Sunday, November 24, 2013
The Julie Ruin: Run Fast (2013)
And here it is, the hardest album of the decade to turn off. Go ahead and try it; set Run Fast, the first official LP of Kathleen Hanna's new band the Julie Ruin (though she used the name for an apparently avant garde-ish side project back in the '90s), playing on your turntable or laptop or whatever and try to persuade yourself to shut the thing off after track two or three. Track eleven, even. Impossible. The thing is such a damn unrepressed, unfiltered joy that it's a true act of self-denial not to give it your full attention and make yourself a space in your probably messy work area for a small dance party, solo or otherwise.
It's so fucking reductive to classify this as "riot grrl revenge" or whatnot, which isn't meant as a knock on Bikini Kill, Le Tigre, L7, Sleater-Kinney, whatever other bands you might classify under a label that was once very necessary to point up the changeover in '90s rock that happened underneath the distraction of all the now-irrelevant grunge sludge doldrums. Those are great bands and the trend of women asserting their place in the rock sphere without apology was and is worth commenting on -- but at this point, why gender it? Even some pro critics have asserted Run Fast as music "for girls," and it may be true (and is perfectly reasonable) that women seeking jump-start rhythms and top-of-lungs exuberance are a prime target audience. No objection to that. Objection to the idea that music needs to be condescended to, ghettoized, or "classified" strictly as a result of the gender of three of the four members of the band. This is rock & roll music played by women, and it's okay to be heartened by that. It is not "female rock & roll music."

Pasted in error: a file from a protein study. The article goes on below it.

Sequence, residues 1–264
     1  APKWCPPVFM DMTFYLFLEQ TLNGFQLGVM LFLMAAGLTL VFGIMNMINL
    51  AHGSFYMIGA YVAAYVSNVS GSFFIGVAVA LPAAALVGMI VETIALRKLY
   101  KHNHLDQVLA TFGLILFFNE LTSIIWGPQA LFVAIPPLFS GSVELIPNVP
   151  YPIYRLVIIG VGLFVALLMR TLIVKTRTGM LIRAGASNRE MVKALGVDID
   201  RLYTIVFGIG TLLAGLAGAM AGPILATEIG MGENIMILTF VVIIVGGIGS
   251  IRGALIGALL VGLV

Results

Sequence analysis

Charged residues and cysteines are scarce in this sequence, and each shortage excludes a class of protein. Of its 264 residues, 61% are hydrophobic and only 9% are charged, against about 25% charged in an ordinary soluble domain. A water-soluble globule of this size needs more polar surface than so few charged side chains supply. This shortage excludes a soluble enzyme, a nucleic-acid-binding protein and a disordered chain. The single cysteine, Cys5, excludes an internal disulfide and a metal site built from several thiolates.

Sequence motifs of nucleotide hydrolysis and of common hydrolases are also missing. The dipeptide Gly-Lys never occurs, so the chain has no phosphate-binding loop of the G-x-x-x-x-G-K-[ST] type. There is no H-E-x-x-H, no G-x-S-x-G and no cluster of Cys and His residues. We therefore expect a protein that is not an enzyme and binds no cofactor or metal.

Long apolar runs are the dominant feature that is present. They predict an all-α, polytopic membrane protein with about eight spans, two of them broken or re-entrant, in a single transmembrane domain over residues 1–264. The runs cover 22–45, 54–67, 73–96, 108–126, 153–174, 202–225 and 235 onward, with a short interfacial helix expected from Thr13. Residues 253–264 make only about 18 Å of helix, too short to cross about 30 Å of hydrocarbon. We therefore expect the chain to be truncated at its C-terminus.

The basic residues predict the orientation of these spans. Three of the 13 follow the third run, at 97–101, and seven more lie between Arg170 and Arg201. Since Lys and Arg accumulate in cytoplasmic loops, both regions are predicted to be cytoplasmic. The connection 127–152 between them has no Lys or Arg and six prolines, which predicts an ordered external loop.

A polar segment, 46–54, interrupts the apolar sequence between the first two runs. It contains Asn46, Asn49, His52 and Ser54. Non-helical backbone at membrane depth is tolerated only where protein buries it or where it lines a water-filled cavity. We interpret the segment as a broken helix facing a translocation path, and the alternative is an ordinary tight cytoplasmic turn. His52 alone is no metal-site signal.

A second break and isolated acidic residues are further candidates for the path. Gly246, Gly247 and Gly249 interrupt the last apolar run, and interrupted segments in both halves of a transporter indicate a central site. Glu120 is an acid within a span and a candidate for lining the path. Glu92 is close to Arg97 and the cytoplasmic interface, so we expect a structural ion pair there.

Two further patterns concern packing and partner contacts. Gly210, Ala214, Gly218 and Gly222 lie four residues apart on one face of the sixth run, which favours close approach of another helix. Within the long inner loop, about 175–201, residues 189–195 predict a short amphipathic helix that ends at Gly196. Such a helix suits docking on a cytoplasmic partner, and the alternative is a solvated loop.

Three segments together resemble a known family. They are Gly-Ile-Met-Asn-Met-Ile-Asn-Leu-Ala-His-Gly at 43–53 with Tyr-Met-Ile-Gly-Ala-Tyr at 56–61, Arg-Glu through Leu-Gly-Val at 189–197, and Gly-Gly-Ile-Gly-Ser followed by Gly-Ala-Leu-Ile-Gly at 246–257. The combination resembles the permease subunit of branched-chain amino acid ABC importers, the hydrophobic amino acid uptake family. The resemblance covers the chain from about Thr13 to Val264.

Hanna's presence, of course, inevitably brings forth the riot grrl response; she's a genuine giant in the alternative popverse and has been for a couple of decades now. Sidelined for a good while by a serious illness, mostly silent for several years, she put together this new band in 2010 and unfurled it with a bang on this triumphant, consistently wonderful debut record that aims itself squarely at those without a point of reference in the '90s lineage of the music. It's not meant necessarily for Bikini Kill fans, though they'll almost certainly dig it, or those who witnessed firsthand the gradual sickening standardization of rock radio in the '90s that briefly made room for imaginative, exciting music like this and then buried it all in a macho sea of Staind and Pearl Jam clones. If anything, the better moment for the Julie Ruin is now, when most of us are no longer reliant on the same tastemakers to find our music -- tastemakers still, but a larger number of them. To lay out influences and origins and pages and pages of ancestral context for Understanding the Julie Ruin seems completely pointless, an unnecessary roadblock in what is finally a pure shot of pleasure that one appreciates immediately and then increasingly so with further listening (and dancing).